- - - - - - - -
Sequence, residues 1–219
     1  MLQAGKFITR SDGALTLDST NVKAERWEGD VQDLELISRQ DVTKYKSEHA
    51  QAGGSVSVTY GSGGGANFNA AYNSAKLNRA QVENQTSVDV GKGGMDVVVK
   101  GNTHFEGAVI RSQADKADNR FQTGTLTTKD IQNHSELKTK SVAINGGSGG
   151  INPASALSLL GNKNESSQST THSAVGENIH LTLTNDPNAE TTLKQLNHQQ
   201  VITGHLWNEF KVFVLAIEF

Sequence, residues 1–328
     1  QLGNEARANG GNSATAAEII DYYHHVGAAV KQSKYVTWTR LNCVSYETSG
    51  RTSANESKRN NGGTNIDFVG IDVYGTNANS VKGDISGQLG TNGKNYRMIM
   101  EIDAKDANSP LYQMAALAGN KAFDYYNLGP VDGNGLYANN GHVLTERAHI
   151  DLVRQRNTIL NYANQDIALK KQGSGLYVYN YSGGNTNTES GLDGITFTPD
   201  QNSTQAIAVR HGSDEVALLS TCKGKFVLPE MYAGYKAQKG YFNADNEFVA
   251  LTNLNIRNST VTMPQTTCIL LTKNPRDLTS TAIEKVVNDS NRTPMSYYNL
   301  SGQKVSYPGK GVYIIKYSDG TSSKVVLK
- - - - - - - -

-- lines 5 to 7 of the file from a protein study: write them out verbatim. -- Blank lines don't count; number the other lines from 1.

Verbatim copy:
   151  INPASALSLL GNKNESSQST THSAVGENIH LTLTNDPNAE TTLKQLNHQQ
   201  VITGHLWNEF KVFVLAIEF

Sequence, residues 1–328